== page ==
Thanissaro Bhikkhu talks about emptiness in his book Meditations2.  He writes this:

When the Buddha talks about emptiness in the Pali Canon, he does so in two major contexts.  One is this sense of dwelling in emptiness as the mind gets still and the emptiness begins to surround things.  That’s the side of emptiness that’s obviously positive.

You can maintain this spacious sense of dwelling in emptiness and, at the same time, the things that used to bother you, the things that used to weigh you down, become empty, too; empty of self. Because they’re empty, they don’t disturb the emptiness of your awareness. You can live together.  You can live with these things but not be weighed down by them (page 168).[1]

Since I created this reality I can change it at any time and I can create a new reality out of the emptiness that is everything.  I can take the weight out of the fear, negativity, thoughts, actions and the like anytime I want to because if everything is emptiness then I can take those things back to their true nature or emptiness and remove those negative thoughts and emotions that I have attached to them.  I can free myself of them.

I can see this as a glass filled with something, something that may not be healthy for me and in doing so I can empty that glass.  I can pour its contents into the sink or onto the ground and look back into that glass and see nothing.  I can begin to fill it up again, if I so choose, with something healthy more fulfilling for my mind and body.

This may be a very simplistic way of looking at this complex and mind boggling Buddhist idea of emptiness, but what good are the Buddhist teachings if they are not usable, understandable, or helpful in keeping us on this beautiful path of love, compassion, and kindness—none!

Many years ago I read an article in Unity Magazine about a woman whose life had begun with a very difficult and demeaning childhood.  So when anyone asked her about her childhood she told them the awful stories over and over again.  Her current life was filled with hardship and loss and one day she awoke to the idea that we call “emptiness” in her life and realized that even though she could not change the past she could change how she viewed it.  From that day on when someone would ask her about her childhood she would relate the same happy story over and over again of her favorite aunt taking her to the park and what a fabulous time they had.  It took time, but over the next few years she quietly built a new past in her mind and she began to remember small events that were good as she was growing up until she had created a new and loving past in her mind and a glorious new present began to appear.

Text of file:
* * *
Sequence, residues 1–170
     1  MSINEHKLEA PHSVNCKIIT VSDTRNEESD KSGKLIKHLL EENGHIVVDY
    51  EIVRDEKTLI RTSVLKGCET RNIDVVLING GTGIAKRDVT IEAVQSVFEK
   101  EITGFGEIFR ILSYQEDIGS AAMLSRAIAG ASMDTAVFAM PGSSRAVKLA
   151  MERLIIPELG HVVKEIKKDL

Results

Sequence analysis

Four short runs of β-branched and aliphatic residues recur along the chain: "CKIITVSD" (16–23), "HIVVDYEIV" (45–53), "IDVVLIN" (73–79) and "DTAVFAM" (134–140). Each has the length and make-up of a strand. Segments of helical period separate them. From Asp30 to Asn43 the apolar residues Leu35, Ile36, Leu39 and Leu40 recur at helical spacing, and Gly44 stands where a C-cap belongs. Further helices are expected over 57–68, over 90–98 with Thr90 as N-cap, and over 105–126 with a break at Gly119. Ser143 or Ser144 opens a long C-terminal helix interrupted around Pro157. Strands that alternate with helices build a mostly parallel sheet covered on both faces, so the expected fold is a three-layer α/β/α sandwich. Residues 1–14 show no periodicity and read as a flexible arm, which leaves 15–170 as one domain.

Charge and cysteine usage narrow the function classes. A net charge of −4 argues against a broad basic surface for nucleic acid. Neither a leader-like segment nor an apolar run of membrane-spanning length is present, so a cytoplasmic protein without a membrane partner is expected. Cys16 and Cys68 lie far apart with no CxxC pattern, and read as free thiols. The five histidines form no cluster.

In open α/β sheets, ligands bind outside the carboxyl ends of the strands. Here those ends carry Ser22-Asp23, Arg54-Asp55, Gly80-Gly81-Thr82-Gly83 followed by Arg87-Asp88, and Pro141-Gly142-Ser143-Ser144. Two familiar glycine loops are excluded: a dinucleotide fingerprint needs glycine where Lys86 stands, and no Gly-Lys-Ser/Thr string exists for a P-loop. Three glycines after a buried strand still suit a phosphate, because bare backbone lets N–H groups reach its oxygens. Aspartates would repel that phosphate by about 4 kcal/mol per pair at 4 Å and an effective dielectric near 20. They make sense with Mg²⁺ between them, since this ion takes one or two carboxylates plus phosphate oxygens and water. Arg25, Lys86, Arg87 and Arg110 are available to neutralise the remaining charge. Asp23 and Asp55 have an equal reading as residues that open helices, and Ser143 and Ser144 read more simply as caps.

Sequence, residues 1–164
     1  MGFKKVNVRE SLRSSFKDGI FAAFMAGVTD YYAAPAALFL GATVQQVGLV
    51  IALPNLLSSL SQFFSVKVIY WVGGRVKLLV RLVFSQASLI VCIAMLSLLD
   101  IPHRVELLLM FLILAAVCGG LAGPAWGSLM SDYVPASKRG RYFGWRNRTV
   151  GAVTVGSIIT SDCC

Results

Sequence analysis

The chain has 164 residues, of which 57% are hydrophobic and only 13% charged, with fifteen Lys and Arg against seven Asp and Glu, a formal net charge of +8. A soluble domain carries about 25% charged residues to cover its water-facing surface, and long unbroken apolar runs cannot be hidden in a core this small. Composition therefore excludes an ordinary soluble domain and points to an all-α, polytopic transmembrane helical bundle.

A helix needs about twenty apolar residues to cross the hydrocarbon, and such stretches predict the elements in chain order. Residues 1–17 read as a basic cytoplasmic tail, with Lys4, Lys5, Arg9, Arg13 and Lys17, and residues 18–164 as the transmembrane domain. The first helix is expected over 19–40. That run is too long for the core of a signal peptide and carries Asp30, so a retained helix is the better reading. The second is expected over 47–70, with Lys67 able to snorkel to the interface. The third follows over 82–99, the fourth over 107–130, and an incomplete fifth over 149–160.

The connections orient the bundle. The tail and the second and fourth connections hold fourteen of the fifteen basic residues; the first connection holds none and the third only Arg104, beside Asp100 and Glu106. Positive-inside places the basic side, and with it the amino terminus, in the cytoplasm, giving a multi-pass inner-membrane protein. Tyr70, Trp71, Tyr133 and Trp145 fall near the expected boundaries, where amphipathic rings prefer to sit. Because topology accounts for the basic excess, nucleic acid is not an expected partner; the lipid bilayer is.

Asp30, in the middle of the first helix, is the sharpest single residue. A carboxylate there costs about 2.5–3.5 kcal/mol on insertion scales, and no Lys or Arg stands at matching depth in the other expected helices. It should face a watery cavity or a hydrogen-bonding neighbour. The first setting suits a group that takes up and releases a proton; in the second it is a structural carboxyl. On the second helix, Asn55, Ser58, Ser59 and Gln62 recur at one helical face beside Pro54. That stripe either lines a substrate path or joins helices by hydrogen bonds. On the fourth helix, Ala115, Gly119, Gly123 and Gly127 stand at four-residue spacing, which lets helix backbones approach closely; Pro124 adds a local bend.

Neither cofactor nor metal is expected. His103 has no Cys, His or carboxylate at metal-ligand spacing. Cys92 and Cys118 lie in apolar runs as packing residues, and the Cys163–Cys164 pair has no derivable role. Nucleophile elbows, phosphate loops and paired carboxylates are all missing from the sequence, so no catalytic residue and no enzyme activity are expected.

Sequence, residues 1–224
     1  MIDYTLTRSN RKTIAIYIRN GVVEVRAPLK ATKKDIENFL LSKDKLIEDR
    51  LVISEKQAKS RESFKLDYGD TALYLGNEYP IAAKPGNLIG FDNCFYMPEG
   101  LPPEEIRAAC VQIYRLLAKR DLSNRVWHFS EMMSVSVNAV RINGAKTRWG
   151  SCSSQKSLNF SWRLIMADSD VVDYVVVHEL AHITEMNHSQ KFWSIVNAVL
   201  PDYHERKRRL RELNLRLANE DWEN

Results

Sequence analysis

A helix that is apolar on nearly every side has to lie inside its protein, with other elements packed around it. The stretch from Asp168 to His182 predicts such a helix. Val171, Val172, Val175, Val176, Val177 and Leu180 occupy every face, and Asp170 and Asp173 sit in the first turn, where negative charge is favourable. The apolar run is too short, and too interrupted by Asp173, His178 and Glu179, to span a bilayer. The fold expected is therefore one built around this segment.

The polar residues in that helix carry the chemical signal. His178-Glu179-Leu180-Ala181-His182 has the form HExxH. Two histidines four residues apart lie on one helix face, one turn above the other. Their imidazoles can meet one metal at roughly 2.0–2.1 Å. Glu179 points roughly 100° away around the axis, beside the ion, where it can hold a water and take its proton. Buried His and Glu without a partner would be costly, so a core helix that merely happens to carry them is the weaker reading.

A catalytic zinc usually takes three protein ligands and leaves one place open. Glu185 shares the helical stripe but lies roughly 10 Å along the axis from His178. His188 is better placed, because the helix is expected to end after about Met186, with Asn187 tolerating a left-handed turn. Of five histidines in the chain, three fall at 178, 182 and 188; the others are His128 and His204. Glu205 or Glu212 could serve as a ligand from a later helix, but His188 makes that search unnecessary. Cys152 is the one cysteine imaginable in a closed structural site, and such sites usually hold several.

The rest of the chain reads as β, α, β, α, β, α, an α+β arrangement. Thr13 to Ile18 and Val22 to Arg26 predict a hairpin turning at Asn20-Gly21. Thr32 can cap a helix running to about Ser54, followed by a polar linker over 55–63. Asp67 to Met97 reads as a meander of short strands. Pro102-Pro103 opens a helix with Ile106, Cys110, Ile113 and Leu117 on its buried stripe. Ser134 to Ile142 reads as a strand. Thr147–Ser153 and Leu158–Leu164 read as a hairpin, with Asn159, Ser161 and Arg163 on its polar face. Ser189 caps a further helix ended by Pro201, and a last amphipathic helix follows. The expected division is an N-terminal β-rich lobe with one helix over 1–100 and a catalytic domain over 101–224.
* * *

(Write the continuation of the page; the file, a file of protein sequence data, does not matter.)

Her cup was filled with fear, anger, and animosity until she chose to empty it and to begin filling it up with love.  If your cup is filled to the brim already how can you pour more tea into it?  You can’t! First you must empty it to make room for more tea. When sitting open yourself to this “spacious sense of dwelling in emptiness.”  Empty your cup and free yourself, as she did, of those things that are drawing you away from the place your heart most desires to be.  And even though those things are empty too we can see them without giving our power away to them.  How do we do that, keep sitting, and keep looking for the emptiness in all things and watch what happens in your life.

Choose emptiness.

Things to focus on this week:

1.  I will begin seeing the emptiness in all things today.

2.  I will remind myself that doing this can help me create a peaceful life filled with love and compassion for self and others.

3.  I will remember to see the emptiness in things of the past that may have hurt or hindered me and I will watch for the lightness in mind, body, and spirit and see the weight being lifted from me and the emptiness taking its place.

4.  Lastly, I will keep a journal of the opportunities that have been presented to me so I can keep track of my progress and my opportunities for growth.

[1] DeGraff, G. (Thanassaro Bhikkhu. (2006) Meditations2, Dhamma Talks, Metta Forest Monastery, Valley Center: CA.